Long road ahead for the USPS

The USPS is proposing to move First Class Mail to a 2-3 day standard for contiguous U.S. destinations as part of its plan to counter significant financial losses in recent years.

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The myriad financial issues surround the United States Postal Service (USPS) are well documented. In past months and beyond, the USPS has been creative in coming up with ways to reduce its debt and get back to solvency.

But with the ongoing diversion to electronic alternatives, the USPS has literally lost billions in recent years. Just last month it said in Fiscal Year 20111 the USPS had a net loss of $5.1 billion. USPS officials said this loss would have been more than doubled—at $10.6 billion—were it not for passed legislation that postponed a congressionally-mandated payment of $5.5 billion to pre-fund retiree health benefits.

And for the entire Fiscal Year, USPS mail volume was down by 3 billion pieces—or 1.7 percent—annually, with First Class Mail down 5.8 percent from $34.2 billion to $32.2 billion. First Class volume declines have been due in large part to ongoing diversion to electronic alternatives, including e-mailing business documents and online purchasing orders, as well as other electronic mailing processes.

So that brings us to today’s announcement made by the USPS in which it said it is proposing—through a rulemaking process—to move First Class Mail to a 2-3 day standard for contiguous U.S. destinations. But that would be expedited for mailers that properly prepare and enter mail at the destinating processing facility prior to the day’s critical entry time to have their mail delivered the following delivery day.

For a while now, the USPS has said it wants to reduce operating costs by $20 billion by 2015 to get back to turning a profit. And with what it is proposing here though consolidating its network in the form of facilities, processing equipment, vehicles, and staff, would result in a savings of $2.1 billion and serve as a big chunk of its network optimization initiative that it projects to save up to $3 billion by 2015.

As part of this rationalization, the USPS also said in September it would consider closing down 252 of its 487 mail processing facilities. If you are wondering why that card you mailed to Mom is going to be a day or two later in the future, that is likely the reason why.

Also, in September, it announced proposed changes to its network that it said would deliver $3 billion in annual savings.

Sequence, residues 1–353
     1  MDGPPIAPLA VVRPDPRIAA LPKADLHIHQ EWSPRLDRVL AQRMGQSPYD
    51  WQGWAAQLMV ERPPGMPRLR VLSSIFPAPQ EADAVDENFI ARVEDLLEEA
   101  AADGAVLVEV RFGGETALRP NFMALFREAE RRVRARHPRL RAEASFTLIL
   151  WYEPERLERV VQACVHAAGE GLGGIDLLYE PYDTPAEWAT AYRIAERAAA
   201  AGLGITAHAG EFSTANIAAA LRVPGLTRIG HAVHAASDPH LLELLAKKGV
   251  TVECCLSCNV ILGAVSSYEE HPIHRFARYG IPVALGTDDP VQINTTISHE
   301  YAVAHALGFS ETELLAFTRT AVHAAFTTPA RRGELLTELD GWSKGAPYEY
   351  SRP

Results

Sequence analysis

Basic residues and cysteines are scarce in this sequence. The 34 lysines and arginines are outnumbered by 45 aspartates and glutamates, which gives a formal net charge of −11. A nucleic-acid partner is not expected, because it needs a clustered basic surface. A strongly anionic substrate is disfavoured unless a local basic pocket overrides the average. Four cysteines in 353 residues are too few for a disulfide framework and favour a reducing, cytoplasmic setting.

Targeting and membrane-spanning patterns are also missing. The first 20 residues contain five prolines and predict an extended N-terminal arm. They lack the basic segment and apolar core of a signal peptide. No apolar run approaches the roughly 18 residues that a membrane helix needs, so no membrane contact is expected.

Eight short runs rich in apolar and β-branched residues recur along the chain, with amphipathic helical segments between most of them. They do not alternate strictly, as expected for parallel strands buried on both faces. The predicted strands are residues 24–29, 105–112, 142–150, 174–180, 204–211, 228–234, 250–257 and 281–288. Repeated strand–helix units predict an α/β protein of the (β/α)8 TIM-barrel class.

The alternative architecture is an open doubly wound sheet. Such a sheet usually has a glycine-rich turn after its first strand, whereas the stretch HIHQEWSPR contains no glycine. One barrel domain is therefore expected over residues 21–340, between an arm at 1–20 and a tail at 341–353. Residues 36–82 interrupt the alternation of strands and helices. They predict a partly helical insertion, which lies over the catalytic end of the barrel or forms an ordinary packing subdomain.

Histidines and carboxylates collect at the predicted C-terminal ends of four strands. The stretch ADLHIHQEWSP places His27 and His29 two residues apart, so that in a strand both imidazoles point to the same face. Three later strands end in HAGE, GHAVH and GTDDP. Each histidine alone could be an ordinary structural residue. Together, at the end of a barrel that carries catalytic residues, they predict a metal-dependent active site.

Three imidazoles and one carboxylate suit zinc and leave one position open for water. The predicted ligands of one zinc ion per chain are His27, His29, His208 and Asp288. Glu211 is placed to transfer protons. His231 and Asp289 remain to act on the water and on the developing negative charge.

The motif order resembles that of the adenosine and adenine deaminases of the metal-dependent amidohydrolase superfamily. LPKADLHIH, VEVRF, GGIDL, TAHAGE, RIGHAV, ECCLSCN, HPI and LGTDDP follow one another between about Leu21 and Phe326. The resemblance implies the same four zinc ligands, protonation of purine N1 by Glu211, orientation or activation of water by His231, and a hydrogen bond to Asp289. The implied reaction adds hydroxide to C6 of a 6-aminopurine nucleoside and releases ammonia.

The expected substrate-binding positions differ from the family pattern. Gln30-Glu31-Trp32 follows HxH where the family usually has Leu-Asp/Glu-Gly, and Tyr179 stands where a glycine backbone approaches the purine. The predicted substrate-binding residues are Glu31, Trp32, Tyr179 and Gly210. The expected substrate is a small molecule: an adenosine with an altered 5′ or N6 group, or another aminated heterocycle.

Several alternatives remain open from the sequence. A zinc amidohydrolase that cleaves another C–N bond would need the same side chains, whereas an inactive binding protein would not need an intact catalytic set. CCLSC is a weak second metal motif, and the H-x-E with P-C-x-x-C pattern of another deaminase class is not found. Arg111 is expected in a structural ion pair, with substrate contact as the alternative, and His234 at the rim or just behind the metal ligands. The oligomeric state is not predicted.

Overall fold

Among the network changes proposed by the USPS, along with closing down about half \
of its mail processing facilities, were to:
-reduce mail processing equipment by up to 50 percent;
-dramatically decreasing its nationwide transportation network;
-adjusting its network size by as much as 35,000 positions from its current total of 151,000 mail processing employees; and
-changing its First Class Mail service standard from a 1-3 day window to a 2-3 day window, with customers no longer receiving mail the day after it was mailed.

If enacted, USPS officials said these changes would result in: fewer facilities, greater utilization, and efficiency; earlier mail availability driving more efficient local delivery; and more retail partners and kiosks, as well as fewer brick and mortar Post Offices.

On November 9, the Senate Homeland Security and Governmental Affairs Committee voted by a 9-1 margin to move forward the 21st Century Postal Service Act, S.1789, which HSGAC said would provide USPS with the flexibility it needs to restructure itself in an effort to save billions of dollars and return to financial viability. Among the key components of this legislation are: buyouts and retirement incentives; health care savings; workers’ compensation reforms; arbitration standards; limitations on five-day delivery; streamlining delivery; retail service standards; processing facilities; and new products and services.

The recommendations made by the USPS will be sent to the Postal Regulatory Commission. A Reuters report noted that the PRC will study the proposed changes and issue a nonbinding advisory opinion. Williams said the service standards would not change before April 2012.

David Williams, USPS vice president for network operations, was blunt in his assessment of where things stand for the USPS in the Reuters report.

“The fact of the matter is our network is too big. We’ve got more capacity in our network than we can afford. More importantly, we’ve got to set our network up so that when volume continues to drop, our network is nimble and flexible enough to respond to those volume losses.”

About the Author

Jeff Berman, Group News Editor
Jeff Berman is Group News Editor for Logistics Management, Modern Materials Handling, and Supply Chain Management Review. Jeff works and lives in Cape Elizabeth, Maine, where he covers all aspects of the supply chain, logistics, freight transportation, and materials handling sectors on a daily basis. Contact Jeff Berman

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